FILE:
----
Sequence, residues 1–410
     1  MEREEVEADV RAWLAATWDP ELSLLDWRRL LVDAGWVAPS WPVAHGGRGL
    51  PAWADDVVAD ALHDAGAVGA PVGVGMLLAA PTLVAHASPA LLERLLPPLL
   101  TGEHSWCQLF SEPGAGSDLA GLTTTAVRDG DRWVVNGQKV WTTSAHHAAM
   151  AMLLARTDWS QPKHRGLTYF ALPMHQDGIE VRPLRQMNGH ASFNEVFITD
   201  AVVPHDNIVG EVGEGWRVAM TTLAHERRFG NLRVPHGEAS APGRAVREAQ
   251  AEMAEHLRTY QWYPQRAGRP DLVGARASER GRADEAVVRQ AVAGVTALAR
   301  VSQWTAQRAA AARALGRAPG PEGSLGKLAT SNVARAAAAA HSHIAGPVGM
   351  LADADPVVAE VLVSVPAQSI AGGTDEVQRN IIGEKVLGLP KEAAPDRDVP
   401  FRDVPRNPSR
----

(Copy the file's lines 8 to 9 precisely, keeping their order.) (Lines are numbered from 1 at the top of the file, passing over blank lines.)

   301  VSQWTAQRAA AARALGRAPG PEGSLGKLAT SNVARAAAAA HSHIAGPVGM
   351  LADADPVVAE VLVSVPAQSI AGGTDEVQRN IIGEKVLGLP KEAAPDRDVP